At What Age Should You Work the Hardest?

by Warren Fowler,marketing enthusiast and blogger at Edugeeksclub

Do you know when you should work the hardest in your career for the most impact?

When people tell you that this is the exact moment to force yourself into harder work, you tend to think: “There’s time!”

Sure; there’s time. You’re not close to retirement, so why would you spend your best years in hard work? But guess what: at one point or another, you’ll realize that hard work is necessary.

We’re not talking about working too much. “Too much” is never a good thing, and the bank intern who died a few years ago is a good proof of that notion. He died from the epileptic seizure, triggered by lack of sleep after working 72 hours without rest. Working too hard is a self-destructive strategy, so we absolutely need to have a healthy schedule.

But there’s a time in life when you need to work harder than usual, without imposing any risk to your mental and physical health. What’s that point in life?

The most logical answer would be this one: work more when you’re younger. When you’re in your 20s and 30s, you think about living life to the fullest, and that doesn’t usually involve much work. You want to travel, see everything there is to see, and experience everything there is to experience. But when you hit your 40s, your energy levels will drop and you’ll be less capable to engage in hard work. So yes; your 20s and 30s might be the right answer.

Working Hard in Your 20s – The Benefits and Drawbacks

This is the so-called “Wolf of Wall Street” strategy. You work a lot during your 20s, investing your entire energy into the career you’re trying to build. You do that with the intention to accumulate wealth, which lets you live pretty comfortably in our 30s and 40s and eventually get to early retirement. It’s what soccer players and most other athletes do, too.

Carrie Shaw, career advisor from Resumes Planet, says this strategy works: “People in their 20s must realize that wealth doesn’t come by chance. It comes through hard work, and it’s best to start going that route while they are young. It’s basic math. The sooner you start making career progress, the sooner you’ll reach a high salary and you’ll be able to accumulate savings.”

There are several benefits to this strategy:

  • You start working towards higher salaries early on, and you have lots of time left to go higher.
  • You gain financial independence. That practically changes a young person’s life.
  • You set a good foundation for a comfortable future. When you have a nice, stable and well-paying job in your 20s, you envision a bright future. You see yourself as a successful individual in 10 years, and you’ll be able to take breaks without draining your savings.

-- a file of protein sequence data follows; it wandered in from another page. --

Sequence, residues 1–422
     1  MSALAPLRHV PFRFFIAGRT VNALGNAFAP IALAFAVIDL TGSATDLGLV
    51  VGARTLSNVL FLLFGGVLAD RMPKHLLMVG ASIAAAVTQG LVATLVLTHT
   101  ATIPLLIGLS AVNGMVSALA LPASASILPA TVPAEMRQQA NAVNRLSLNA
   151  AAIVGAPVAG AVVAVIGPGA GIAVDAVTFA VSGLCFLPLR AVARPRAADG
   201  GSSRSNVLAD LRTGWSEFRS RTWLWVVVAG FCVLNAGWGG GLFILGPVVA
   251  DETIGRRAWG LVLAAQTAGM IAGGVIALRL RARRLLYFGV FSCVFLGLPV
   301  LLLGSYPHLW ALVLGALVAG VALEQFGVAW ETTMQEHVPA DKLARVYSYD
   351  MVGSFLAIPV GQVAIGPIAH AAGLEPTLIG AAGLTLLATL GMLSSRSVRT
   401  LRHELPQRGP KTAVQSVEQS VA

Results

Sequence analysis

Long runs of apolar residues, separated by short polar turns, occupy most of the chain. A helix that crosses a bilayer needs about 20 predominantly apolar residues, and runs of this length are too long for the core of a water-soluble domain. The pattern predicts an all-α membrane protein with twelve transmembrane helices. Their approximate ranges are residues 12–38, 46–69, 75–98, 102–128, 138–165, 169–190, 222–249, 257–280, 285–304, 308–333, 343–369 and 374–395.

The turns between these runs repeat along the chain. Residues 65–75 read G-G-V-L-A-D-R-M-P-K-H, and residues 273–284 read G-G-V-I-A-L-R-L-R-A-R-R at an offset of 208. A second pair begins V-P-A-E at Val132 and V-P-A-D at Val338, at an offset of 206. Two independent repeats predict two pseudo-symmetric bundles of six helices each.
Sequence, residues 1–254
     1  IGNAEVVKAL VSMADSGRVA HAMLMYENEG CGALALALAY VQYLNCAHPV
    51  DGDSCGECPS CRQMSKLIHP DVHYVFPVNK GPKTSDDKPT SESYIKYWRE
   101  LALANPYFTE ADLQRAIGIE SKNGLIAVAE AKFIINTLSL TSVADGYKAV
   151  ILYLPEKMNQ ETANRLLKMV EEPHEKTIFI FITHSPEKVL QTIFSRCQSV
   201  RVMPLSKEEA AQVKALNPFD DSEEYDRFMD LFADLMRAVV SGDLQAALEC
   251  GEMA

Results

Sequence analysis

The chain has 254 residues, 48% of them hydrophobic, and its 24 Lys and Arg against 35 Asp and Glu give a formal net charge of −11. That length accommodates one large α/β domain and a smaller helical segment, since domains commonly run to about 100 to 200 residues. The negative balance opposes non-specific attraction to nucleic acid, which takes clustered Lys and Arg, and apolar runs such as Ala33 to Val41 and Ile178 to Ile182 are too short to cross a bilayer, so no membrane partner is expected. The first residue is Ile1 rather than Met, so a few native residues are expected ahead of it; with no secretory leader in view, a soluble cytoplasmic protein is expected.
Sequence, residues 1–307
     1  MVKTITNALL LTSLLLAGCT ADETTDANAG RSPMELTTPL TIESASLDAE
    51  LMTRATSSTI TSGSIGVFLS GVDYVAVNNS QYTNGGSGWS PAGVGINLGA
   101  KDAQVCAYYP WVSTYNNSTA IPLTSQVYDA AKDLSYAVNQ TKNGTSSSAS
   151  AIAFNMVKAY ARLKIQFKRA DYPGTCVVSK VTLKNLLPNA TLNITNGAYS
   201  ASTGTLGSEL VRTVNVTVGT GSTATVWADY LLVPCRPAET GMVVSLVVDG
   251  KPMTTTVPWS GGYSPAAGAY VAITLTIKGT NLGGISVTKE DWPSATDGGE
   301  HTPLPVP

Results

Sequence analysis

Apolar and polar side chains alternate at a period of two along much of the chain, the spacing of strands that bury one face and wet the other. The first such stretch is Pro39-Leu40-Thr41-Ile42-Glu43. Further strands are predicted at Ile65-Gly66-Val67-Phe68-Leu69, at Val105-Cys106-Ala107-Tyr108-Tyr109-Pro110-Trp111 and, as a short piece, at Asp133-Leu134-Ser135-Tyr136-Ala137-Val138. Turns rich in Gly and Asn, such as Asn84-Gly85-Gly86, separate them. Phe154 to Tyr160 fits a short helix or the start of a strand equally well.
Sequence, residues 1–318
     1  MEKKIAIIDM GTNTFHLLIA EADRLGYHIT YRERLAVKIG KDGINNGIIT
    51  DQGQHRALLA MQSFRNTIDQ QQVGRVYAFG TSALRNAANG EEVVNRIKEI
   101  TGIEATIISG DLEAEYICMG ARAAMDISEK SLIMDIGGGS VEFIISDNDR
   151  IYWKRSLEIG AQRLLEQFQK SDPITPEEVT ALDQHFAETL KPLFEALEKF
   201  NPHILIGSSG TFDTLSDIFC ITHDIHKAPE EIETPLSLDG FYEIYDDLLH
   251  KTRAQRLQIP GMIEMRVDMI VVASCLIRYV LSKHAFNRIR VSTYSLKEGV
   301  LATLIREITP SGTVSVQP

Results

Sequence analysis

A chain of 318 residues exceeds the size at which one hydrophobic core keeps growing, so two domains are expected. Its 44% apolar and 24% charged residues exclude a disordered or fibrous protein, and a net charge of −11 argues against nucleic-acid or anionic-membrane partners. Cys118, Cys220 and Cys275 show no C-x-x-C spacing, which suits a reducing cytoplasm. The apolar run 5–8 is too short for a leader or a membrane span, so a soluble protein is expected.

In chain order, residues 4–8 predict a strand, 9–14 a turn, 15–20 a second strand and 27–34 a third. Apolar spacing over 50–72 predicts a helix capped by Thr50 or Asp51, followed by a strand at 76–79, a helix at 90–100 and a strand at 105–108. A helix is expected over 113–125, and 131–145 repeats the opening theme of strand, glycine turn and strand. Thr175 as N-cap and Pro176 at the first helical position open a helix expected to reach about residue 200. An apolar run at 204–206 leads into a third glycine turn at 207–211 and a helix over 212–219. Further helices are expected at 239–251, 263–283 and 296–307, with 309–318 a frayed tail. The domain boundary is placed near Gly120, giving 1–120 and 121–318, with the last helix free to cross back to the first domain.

But are there any disadvantages? We can’t say that you gain a lot if you don’t live at all, can we?

  • If you focus on your career in your 20s, you won’t get to experience other aspects of life as much as everyone around you does. Sure; you’ll have more money than them. But they will party more, they will meet more people, and they will travel more. You’ll have a different type of focus, and sometimes that will make you feel bad.
  • Too much work can lead to anxiety. You get a dopamine rush after each accomplishment, but if your body doesn’t clear out the excess of this chemical, you get prone to anxiety, nervous breakdowns, and panic attacks. The lesson is: work hard, but don’t work too hard! No career success can substitute your physical and emotional health.

Working Hard in Your 30s – Is it a Better Scenario?

The reality is tough for people in their 20s. Most of them just got out of the schooling system, and they are not well-prepared for the real world. Even if they want to work hard, it’s hard for them to find good job opportunities that allow them to show their skills.

If you spent your 20s trying to prove yourself and bouncing from one job to another, there’s no need to worry. Your career journey is not ruined. You’re still young and full of energy in your 30s. Plus, you’ve accumulated more wisdom and you have more skills. You’re ready to start aiming towards better job titles, raises, and promotions. Needless to say, you have to work hard for such progress.

  • By the time you’re in your 30s, you’re already a mature individual. You’ve had a lot of fun and you did a lot of partying. You’re not that interested in pop culture and you’re bored by most TV shows. You’re over that youthful vibe. It’s the perfect moment for making a career commitment.
  • You have a greater network of professional contacts. You’ve already proven yourself as a good worker, so it’s easier to benefit from that network.

The advantages are great! But there’s one drawback we must consider: in their 30s, most people think about starting their families. If they haven’t done that in their late 20s, family is their main focus during their 30s. That might prevent them from investing more time in hard work.

Hard Work Will Take You Places

Statistics show there’s not much chance for salary growth in your 40s and 50s. Maybe you’ll be different; no one knows that. But what we do know is that your chances for a comfortable life are better if you work hard while you’re young. Your 20s and 30s are the best time for that!

Sure; hard work comes with its disadvantages. One way or another, sacrifices are inevitable. But you won’t sacrifice everything. You’ll still have limits and enjoy life while getting more than enough job satisfaction.

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Career in SalesWarren Fowler’s lifestyle is full of hiking adventures. When he’s not busy with his guitar or enjoying the sunny day outside, he excels at blogging skills and scrolls through social media. You can meet him on Twitter and Facebook.


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